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“Saying the beads” is a colloquial expression for the Roman Rosary practice. It is simple and descriptive. But the Roman Catholic church is not the only one with this prayer practice.

Older than that is the Orthodox prayer rope, and the great and simple prayer: “Lord Jesus Christ, son of God, have mercy on me a sinner.”

Anglicans now have their own form of counted prayer, but it not one set formula. On a set of 33 beads a chosen prayer order is followed; it can be varied.

I began to pray the rosary about twenty years ago. I had bought a rosary as a souvenir of a trip to the Loretto Chapel in Santa Fe, and I enjoyed the plain little olivewood beads in my hand, so I found a booklet on praying the rosary and kept it up over time. I am not a faithful rosary follower, as some of my Catholic friends are, but in times of trouble and as a prayer discipline it has been comforting and helpful.

I learned the Jesus prayer (as above) probably twenty-five years ago, and it is a steady companion. I began to use a prayer rope (although mine is beads) just a couple of years ago. The Jesus Prayer is one of the great meditation exercises, and the most basic of counted prayers.

I have not formally tried the Anglican prayer beads, because I don’t care for the mix-and-match format. It’s a little too individualistic for me.  Some of the prayer exercises are too complex to be memorized.

The Orthodox prayer rope was originally a cord of wool with one hundred knots and a tassel to mark the beginning and end. The monks of Mount Athos still make these and it is possible to find them on the internet for sale from Orthodox sources, although the only prices I could find were in euros. There are other sources, and instructions are available to make them. I make my Orthodox prayer strands with glass, stone or wooden beads, one hundred beads divided into decades with a different texture bead (so the dividing bead is an “extra”) – this works best for me. Some prefer to have just the one hundred beads with the last bead of the decade (“the ten”) being different. I make a tassel from cotton or wool to match. For the threading cord, I use waxed linen thread.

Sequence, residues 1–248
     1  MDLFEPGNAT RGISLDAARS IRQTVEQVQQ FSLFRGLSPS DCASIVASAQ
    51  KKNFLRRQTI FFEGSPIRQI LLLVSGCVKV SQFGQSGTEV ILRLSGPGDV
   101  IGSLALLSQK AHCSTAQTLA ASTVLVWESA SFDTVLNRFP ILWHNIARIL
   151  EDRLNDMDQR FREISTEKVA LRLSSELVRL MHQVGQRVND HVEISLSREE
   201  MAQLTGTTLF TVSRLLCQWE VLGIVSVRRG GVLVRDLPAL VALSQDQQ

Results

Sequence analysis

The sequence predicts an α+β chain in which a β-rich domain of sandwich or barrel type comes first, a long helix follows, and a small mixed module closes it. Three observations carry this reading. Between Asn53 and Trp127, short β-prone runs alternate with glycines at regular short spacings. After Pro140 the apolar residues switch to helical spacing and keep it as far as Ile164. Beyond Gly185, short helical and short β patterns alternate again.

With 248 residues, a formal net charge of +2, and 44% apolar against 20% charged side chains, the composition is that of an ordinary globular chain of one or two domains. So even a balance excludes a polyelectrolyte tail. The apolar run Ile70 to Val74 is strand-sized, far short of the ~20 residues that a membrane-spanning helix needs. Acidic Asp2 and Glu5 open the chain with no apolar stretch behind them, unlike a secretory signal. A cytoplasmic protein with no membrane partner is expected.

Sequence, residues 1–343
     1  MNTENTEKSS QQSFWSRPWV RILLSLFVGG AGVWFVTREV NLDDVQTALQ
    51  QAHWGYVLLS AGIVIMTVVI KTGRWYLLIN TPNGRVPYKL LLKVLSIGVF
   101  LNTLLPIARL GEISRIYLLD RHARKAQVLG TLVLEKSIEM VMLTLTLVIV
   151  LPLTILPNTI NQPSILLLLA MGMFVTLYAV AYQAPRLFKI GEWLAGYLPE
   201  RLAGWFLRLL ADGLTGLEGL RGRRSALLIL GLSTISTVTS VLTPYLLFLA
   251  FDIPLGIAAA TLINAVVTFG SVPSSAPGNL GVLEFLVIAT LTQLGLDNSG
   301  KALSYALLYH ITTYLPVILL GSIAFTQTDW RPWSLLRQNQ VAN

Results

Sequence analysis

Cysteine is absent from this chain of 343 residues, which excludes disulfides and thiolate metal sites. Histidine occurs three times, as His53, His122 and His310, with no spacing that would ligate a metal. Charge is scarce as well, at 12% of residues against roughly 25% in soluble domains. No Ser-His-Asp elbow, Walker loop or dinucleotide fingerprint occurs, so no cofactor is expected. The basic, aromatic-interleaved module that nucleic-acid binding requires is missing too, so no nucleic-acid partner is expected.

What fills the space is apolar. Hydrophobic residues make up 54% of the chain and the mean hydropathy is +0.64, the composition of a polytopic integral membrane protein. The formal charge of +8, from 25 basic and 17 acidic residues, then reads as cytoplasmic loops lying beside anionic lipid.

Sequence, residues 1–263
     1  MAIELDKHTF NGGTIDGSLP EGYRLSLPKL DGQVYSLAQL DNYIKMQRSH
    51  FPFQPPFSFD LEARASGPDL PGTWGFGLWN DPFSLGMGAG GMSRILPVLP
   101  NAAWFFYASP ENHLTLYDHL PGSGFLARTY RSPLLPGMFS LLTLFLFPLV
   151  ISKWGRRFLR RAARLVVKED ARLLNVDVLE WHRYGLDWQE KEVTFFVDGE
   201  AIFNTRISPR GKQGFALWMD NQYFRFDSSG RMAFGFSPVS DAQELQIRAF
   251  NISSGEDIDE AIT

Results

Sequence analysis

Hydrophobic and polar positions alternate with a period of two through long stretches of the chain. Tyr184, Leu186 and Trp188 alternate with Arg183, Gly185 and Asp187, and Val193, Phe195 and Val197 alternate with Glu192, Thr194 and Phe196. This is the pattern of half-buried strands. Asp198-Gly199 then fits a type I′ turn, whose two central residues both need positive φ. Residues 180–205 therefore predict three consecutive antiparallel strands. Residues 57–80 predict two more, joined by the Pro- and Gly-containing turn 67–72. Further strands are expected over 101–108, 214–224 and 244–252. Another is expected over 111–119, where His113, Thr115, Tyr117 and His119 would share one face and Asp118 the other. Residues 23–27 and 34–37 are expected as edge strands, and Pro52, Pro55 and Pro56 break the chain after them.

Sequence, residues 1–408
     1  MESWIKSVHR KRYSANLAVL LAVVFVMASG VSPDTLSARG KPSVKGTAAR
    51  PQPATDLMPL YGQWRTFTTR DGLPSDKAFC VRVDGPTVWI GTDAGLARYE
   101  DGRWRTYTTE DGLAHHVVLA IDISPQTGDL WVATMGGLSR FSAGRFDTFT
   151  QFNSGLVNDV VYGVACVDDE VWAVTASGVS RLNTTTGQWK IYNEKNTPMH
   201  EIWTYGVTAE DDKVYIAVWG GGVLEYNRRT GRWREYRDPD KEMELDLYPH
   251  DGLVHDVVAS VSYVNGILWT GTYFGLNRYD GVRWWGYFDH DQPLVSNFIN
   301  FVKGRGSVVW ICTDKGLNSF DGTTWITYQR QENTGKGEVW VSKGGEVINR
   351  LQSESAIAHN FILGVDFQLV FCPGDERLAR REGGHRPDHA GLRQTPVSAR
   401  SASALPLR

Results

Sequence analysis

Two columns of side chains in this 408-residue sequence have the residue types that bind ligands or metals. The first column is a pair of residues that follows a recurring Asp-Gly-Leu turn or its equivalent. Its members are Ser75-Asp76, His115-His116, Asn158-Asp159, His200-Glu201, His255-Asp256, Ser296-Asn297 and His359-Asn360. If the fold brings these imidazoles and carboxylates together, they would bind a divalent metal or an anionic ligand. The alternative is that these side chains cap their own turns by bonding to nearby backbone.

I love the Jesus Prayer. I began saying it after reading a book by Henri Nouwen. At the time, when I was young and had no vehicle, I had to walk everywhere, no matter what the weather. Since I was on foot a lot, and taking the same routes every day, I found the journeys a bit monotonous, and something of a waste of time. This, of course, was long before cell phones, so there was no breaking the tedium with a good long chat! Instead, I learned to pray silently, to talk to God from the heart. That is the purpose of the Jesus Prayer, to move the heart closer to God. The Prayer was my companion. I gladly started the Prayer with the first step, and almost was sorry to reach my destination some days.  It sounds tedious and monotonous in itself, but it isn’t. It puts us in the presence of God, which is the best place to be and the best use of our time.

There is an excellent book available called The Way of a Pilgrim, by an anonymous Russian peasant. It was written sometime after the middle of the nineteenth century, and is a classic of Orthodox literature. It is still in print in paperback, and I recommend it to anyone who is interested in Russian forms of Orthodoxy and everyone who is interested in the prayer of the heart.